JOHN BAD ELK v. U S, 177 U.S. 529 (1900) 177 U.S. 52

JOHN BAD ELK v. U S, 177 U.S. 529 (1900) 177 U.S. 529

JOHN BAD ELK, Plff. in Err.,
v.
UNITED STATES.
No. 350.

Submitted February 26, 1900.
Decided April 30, 1900.

Resisting unlawful arrest — while considered an actual crime, and prosecuted as such — is an ancient, venerable, and indispensable right of free people. Under the still-valid Supreme Court precedent John Black Elk v. U.S. (1900), a citizen has a legally recognized right to use lethal force to prevent the consummation of an unlawful arrest.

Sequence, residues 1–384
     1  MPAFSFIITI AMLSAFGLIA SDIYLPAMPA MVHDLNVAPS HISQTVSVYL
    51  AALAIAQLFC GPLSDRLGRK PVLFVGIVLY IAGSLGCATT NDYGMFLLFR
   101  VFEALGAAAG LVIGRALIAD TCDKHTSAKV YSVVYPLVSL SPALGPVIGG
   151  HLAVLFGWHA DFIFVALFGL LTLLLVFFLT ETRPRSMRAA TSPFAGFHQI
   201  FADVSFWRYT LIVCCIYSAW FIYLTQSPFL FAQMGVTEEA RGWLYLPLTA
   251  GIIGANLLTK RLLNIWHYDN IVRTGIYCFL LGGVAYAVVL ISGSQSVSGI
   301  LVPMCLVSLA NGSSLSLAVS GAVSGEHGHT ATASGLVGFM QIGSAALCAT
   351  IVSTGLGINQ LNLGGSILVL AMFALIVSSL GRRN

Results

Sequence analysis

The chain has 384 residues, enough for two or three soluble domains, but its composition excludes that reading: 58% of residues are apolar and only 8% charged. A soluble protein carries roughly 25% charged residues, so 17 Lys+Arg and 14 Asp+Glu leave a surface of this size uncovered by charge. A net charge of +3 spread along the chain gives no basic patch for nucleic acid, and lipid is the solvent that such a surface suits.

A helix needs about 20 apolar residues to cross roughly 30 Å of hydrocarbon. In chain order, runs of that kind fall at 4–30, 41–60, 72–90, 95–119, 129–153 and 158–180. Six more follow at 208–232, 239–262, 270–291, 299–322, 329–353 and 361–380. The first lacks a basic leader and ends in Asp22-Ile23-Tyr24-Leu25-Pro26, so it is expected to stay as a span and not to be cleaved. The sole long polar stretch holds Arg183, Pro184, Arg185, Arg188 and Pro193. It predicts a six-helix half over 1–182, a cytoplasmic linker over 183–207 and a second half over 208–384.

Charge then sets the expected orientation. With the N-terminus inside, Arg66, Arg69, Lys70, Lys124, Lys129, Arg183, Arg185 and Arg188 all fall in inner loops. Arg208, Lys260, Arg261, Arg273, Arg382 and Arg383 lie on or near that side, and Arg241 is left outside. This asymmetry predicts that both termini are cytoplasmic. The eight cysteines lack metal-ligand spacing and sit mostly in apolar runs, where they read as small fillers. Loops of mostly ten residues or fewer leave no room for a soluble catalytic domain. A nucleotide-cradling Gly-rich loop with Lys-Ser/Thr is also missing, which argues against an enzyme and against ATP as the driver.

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One thought on “JOHN BAD ELK v. U S, 177 U.S. 529 (1900) 177 U.S. 52

  1. […] In fact, resisting unlawful arrest — while considered an actual crime, and prosecuted as such — is an ancient, venerable, and indispensable right of free people. Under the still-valid Supreme Court precedent John Black Elk v. U.S. (1900), a citizen has a legally recognized right to use lethal force to prevent the consummation of an unlawful arrest. See also, JOHN BAD ELK v. U S, 177 U.S. 529 (1900) 177 U.S. 529 and the associated write-up on this blog. […]

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